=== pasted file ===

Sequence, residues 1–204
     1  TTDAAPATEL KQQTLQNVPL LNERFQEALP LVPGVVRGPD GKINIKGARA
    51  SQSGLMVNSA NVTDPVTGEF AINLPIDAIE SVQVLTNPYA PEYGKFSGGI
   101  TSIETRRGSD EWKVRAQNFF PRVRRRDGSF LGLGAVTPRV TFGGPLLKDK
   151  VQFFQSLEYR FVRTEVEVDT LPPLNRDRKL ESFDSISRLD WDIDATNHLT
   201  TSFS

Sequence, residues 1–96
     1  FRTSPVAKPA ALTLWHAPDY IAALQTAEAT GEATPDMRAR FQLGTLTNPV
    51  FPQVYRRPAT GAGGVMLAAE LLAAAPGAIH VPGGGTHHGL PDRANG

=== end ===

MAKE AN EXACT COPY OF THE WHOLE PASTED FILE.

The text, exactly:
Sequence, residues 1–204
     1  TTDAAPATEL KQQTLQNVPL LNERFQEALP LVPGVVRGPD GKINIKGARA
    51  SQSGLMVNSA NVTDPVTGEF AINLPIDAIE SVQVLTNPYA PEYGKFSGGI
   101  TSIETRRGSD EWKVRAQNFF PRVRRRDGSF LGLGAVTPRV TFGGPLLKDK
   151  VQFFQSLEYR FVRTEVEVDT LPPLNRDRKL ESFDSISRLD WDIDATNHLT
   201  TSFS

Sequence, residues 1–96
     1  FRTSPVAKPA ALTLWHAPDY IAALQTAEAT GEATPDMRAR FQLGTLTNPV
    51  FPQVYRRPAT GAGGVMLAAE LLAAAPGAIH VPGGGTHHGL PDRANG